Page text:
07 Come In

07 Come In (07 zgłoś się) is a Polish drama/police procedural that aired during the late communist era, from 1976 to 1987, with a number of breaks (there are only 20 episodes over its five seasons). The show is controversial for its heavy dose of propaganda, but at the same time it’s considered one of the best Polish procedurals of all time, and has amassed a cult following since it stopped airing. The show’s title refers to a police call signal used on the show (and in real life)—it is not related to James Bond.

The show is loosely based on Eve Calls 07 (Ewa wzywa 07), a series of short stories that appeared in the magazine Sparks (Iskry) for about 20 years starting in 1968. The series was developed by several government/propaganda officials; it was intended only partly as entertainment and more to educate people about the work the police did, and thus make people more sympathetic to the unpopular police. The series consists of almost 150 stories, most written by different authors, among them then-popular Polish detective writers and journalists.

The show that adapted the stories follows the adventures of police lieutenant Sławomir Borewicz, who works in the Metropolitan Militia in Warsaw (Komendy Stołecznej Milicji Obywatelskiej). There are a number of other characters, mostly fellow police officers and a prosecutor, though Borewicz is the only character who appears in every episode. Borewicz solves a new case in each episode, from art thefts to mob cases to blackmail to murders and everything in between. The show’s star, Bronisław Cieślak, who plays Borewicz, is best known for 07 Come In. Later in life, though, he served several terms in Parliament as a member of the Democratic Left Alliance (Sojusz Lewicy Demokratycznej), a social democratic party.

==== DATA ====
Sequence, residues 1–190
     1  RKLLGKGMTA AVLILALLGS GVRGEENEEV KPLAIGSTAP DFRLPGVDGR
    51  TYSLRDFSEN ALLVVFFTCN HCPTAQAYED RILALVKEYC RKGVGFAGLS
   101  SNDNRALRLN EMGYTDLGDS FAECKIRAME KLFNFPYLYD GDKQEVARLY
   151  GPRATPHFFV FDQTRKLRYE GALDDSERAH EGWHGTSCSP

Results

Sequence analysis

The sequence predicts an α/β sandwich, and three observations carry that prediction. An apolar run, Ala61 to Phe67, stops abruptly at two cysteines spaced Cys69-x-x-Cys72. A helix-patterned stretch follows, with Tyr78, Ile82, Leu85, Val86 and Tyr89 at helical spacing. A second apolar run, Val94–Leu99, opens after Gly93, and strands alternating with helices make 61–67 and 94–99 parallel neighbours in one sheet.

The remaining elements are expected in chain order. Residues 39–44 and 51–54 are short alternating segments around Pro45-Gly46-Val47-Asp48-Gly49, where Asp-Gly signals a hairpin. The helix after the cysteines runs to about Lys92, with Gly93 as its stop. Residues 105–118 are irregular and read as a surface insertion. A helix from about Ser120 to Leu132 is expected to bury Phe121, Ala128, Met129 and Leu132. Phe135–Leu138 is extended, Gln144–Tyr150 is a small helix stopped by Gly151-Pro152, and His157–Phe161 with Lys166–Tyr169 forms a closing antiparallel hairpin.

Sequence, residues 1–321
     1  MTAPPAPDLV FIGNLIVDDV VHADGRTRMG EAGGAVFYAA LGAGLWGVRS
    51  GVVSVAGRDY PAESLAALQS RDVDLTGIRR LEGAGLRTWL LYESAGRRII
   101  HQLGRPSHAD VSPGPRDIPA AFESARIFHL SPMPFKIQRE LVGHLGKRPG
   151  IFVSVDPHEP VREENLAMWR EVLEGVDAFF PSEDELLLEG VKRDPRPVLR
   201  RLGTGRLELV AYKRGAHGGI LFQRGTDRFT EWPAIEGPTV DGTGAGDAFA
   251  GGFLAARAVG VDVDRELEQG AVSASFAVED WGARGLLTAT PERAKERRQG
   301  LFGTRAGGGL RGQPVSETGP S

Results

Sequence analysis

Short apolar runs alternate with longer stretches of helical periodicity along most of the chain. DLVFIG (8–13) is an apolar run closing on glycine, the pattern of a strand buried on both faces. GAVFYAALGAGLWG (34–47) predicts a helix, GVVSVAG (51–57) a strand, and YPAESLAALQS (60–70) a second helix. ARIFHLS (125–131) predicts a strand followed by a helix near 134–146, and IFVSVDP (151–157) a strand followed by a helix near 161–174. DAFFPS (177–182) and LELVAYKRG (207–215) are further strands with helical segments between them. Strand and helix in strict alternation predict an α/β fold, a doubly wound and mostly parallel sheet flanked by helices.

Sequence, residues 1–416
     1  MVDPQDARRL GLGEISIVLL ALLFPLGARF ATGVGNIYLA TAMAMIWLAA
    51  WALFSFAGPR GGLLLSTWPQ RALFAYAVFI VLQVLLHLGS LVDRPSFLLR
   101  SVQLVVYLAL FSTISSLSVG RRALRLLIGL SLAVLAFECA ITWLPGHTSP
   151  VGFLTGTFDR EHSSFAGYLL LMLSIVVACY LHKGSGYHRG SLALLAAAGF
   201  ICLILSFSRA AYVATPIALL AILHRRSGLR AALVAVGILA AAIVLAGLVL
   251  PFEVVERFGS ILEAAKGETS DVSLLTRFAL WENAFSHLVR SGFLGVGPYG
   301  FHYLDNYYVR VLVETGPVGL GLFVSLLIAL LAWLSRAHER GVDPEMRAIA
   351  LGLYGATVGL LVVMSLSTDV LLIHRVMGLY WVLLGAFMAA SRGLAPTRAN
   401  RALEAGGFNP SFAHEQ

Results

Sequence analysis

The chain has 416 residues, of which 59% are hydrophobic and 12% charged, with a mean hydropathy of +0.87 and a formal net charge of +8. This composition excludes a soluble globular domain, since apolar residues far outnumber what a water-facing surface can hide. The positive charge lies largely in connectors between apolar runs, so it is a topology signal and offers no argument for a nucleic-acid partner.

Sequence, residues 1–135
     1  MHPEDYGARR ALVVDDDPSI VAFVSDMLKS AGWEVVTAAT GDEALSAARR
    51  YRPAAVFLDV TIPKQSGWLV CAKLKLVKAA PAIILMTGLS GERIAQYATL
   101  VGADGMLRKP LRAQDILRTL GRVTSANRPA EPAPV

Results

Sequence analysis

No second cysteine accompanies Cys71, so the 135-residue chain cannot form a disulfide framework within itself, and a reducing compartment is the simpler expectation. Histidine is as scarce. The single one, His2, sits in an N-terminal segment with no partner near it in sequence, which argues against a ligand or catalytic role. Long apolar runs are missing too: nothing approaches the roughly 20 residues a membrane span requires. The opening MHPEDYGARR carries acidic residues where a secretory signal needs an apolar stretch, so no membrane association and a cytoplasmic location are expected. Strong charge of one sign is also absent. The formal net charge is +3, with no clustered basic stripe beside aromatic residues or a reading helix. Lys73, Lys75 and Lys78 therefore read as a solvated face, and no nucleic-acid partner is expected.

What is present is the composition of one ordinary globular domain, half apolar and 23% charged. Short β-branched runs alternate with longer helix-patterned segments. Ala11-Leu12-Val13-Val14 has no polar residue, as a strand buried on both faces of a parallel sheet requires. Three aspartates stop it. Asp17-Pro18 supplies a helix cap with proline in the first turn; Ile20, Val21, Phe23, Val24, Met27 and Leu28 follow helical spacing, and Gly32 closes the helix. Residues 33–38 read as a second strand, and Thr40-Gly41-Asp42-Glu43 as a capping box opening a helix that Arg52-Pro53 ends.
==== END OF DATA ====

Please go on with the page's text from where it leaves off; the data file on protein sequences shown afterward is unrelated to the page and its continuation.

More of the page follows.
Director: Krzysztof Szmagier and others
Stars: Bronisław Cieślak, Zdzisław Tobiasz, Zdzisław Kozień, Jerzy Rogalski, Ewa Kuzyk-Florczak
Production company: Zespół Filmowy Kadr
TV channel: Telewizja Polska

 

Full episodes do not appear to be available for free online, but you can find clips on YouTube here.

Julie is currently studying Russian as a Second Language in Irkutsk (and before that, Bishkek) with SRAS's Home and Abroad Scholarship program, with the goal of someday having some sort of Russia/Eurasia-related career. She recently got her master’s degree from the University of Glasgow and the University of Tartu, where she studied women’s dissent in Soviet Russia. She also has a bachelor’s degree in literature from Yale. Some of her favorite Russian authors are Sorokin, Shishkin, Il’f and Petrov, and Akhmatova. In her spare time Julie cautiously practices martial arts, reads feminist websites, and taste-tests instant coffee for her blog.